Our comprehensively equipped Firecracker Red (we used to call it “arrest me red”) Wrangler had both the Safety Group, with ParkSense® rear park-assist system and blind-spot and cross-traffic monitor, and the Advanced Safety Group consisting of a new adaptive-cruise control, advanced brake assist and full-speed forward collision warning plus.

2020 Jeep® Wrangler Sahara

Inside amenities

The Sahara might be the most luxurious Wrangler trim, but this is no luxury vehicle. The dash and button layout is simple and straightforward. Neat, tidy, efficient. The seats are firm and supportive. The four-wheel-drive and transmission selectors are large and convenient.

A new 8.4-inch color touch screen in the center of the dash acts as the command center for the fourth generation of UConnect, FCA’s outstanding infotainment system. AM/FM/SiriusXM satellite/HD radio/Apple CarPlay/Android Auto/streaming audio can be played through the Alpine Premium Sound System which includes a large subwoofer. The sound is strong enough to overcome the noise levels within the cabin – sound deadening is not a strong suit of any Wrangler and driving with the roof panels removed provides a further challenge (which is met) for the sound system.

In addition to the above, the UConnect system includes navigation, a 4G WiFi hot spot and Sirius Guardian Connected Services. Jeep includes a five-year subscription to SiriusXM Traffic and Travel Link Services (which has weather, point-of-interest and other useful information) as part of the package.

The touch screen can control the infotainment, climate control and various vehicle systems (including many of the ADAS settings), but critical ones also have simple buttons and dials easily found while driving. And supplementing both means of control is voice activation.

A note about FCA’s steering-wheel audio controls – rocker switches with buttons on the rear of the steering wheel are the best in the industry. They are intuitive, functional, and always at hand.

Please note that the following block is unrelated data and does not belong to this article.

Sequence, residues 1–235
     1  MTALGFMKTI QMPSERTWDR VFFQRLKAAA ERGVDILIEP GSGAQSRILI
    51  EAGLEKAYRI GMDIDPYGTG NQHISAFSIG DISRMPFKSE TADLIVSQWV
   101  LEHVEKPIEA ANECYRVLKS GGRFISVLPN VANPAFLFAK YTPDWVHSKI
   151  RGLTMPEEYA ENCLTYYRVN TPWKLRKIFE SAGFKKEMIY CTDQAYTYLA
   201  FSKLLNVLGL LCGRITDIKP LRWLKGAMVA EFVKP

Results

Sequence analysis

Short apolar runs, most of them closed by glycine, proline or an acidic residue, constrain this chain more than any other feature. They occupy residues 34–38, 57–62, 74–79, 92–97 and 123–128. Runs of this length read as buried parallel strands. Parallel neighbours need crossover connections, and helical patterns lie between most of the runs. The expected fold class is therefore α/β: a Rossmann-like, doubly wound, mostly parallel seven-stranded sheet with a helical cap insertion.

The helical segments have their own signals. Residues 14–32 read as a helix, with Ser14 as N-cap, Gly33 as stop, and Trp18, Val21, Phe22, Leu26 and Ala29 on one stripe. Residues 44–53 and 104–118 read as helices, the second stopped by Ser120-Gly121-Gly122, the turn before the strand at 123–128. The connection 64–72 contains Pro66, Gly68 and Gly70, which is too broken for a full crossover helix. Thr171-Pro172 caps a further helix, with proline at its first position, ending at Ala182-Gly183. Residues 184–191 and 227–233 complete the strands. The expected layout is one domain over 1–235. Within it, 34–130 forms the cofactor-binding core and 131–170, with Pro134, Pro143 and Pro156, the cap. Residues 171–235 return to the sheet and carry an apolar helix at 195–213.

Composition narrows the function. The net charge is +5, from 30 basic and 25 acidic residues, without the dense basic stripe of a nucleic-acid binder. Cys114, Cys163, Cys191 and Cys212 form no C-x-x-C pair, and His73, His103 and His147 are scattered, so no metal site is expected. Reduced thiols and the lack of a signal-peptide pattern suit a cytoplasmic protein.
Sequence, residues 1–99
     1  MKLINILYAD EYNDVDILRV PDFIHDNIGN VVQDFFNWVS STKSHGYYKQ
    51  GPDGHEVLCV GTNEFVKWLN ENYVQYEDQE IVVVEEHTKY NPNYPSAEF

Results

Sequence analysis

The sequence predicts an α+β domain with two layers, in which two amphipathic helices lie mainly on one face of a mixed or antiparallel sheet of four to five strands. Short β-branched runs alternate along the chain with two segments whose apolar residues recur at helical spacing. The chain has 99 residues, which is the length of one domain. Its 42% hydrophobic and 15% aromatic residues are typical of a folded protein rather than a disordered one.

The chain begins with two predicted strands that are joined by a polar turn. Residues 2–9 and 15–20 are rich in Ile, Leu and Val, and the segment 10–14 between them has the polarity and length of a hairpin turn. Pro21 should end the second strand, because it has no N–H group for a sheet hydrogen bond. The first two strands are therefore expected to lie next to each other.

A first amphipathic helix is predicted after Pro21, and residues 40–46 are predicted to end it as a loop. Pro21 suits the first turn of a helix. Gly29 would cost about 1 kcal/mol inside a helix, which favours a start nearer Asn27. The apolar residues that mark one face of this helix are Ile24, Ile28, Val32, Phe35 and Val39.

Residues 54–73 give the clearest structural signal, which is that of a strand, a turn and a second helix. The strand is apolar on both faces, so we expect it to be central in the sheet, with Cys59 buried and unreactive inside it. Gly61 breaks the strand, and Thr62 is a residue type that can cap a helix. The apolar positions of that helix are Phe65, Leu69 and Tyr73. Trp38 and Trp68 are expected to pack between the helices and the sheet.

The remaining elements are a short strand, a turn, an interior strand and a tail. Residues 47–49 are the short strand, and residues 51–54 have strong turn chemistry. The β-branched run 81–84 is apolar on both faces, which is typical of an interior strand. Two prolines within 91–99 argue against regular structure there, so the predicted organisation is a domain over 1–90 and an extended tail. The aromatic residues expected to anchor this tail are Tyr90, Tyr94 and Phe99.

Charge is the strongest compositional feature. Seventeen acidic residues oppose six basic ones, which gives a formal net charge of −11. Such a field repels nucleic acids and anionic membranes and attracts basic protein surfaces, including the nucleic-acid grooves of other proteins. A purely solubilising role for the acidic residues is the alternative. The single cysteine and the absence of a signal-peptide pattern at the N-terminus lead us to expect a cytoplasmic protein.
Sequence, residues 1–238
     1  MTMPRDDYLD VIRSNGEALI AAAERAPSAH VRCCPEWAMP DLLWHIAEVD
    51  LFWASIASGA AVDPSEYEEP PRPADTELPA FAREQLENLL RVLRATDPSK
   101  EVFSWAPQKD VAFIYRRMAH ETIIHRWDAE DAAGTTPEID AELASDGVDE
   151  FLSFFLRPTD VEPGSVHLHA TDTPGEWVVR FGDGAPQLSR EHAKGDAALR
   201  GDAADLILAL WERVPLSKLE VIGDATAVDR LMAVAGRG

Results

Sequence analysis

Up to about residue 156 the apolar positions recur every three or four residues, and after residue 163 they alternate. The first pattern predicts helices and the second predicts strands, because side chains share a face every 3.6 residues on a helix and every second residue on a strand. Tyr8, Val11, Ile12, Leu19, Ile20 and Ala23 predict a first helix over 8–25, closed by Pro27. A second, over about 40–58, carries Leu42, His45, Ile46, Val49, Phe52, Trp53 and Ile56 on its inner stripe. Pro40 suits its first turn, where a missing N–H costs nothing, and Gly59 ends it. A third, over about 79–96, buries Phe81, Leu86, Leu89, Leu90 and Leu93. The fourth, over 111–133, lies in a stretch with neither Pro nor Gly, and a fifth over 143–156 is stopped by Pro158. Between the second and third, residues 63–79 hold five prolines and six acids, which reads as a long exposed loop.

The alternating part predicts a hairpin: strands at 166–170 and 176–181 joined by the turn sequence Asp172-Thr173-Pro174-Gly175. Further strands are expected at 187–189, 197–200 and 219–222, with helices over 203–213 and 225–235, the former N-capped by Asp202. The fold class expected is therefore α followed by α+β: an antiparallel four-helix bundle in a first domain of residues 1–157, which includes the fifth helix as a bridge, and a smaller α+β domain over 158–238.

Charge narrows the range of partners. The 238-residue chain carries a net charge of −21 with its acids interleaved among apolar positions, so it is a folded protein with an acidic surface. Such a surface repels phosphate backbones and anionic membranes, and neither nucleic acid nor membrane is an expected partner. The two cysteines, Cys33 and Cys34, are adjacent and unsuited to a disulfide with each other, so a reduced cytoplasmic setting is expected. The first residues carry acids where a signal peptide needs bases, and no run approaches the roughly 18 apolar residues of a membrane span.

Second-row passengers have a lot of room, especially headroom. In addition, they have four USB (two type A and two type C complementing the four up front) ports and A/C vents as well as ample cupholders.

This is not your grandfather’s army Jeep!

For the 2020 model year Wrangler comes in both two and four-door (Unlimited) versions from  the Sport ($28,295) to Sport S ($31,740) to Sahara ($38,645, four-door only) to the ultimate off-roader Rubicon ($38,695)..

The 2020 Wrangler Unlimited Sahara we sampled had a base price of $38,645. With its comprehensive array of options (like the EcoDiesel engine, Safety and Advanced Safety Groups, automatic transmission, etc.) and the $1,495 destination charge, the total came to $54.800.

Not inexpensive, but as the figures and model line above show (which can be configured with the available four different engines, two transfer cases and two transmissions), you should be able to “build” the Wrangler of your dreams.

Truth be told, a two-door 2013 Wrangler Sahara was the car of my dreams and my daily driver during my first three years on Cape Cod. And I loved it. It was not perfect, but this 2020 Wrangler, a newer generation, solved many of my Jeep’s ills – without sacrificing any of the fun, go-anywhere, sense-of-freedom characteristics. This is a better driving, safer, more enjoyable package. It was great spending a week back in the Wrangler community.

Next week – Lincoln’s new Aviator SUV.

About Author

Mike Geylin

Mike Geylin is the Senior Editor for The BRAKE Report. Geylin has been in automotive communications for five decades working in all aspects of the industry from OEM to supplier to motorsports as well as reporting for both newspapers and magazines on the industry.